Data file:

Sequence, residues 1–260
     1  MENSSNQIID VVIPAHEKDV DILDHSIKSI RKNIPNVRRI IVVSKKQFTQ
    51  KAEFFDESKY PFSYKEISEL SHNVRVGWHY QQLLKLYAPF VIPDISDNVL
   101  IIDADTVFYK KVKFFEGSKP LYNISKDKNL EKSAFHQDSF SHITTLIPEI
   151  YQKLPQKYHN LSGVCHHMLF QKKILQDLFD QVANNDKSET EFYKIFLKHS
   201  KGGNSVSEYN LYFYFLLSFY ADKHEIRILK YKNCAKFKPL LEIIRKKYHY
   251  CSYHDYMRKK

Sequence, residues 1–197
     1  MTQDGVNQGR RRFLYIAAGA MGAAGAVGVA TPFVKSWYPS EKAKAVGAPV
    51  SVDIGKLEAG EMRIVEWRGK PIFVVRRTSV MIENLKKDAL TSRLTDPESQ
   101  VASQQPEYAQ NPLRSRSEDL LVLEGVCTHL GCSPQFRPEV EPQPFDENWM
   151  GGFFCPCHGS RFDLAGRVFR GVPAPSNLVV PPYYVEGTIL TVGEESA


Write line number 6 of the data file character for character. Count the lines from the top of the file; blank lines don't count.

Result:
   201  KGGNSVSEYN LYFYFLLSFY ADKHEIRILK YKNCAKFKPL LEIIRKKYHY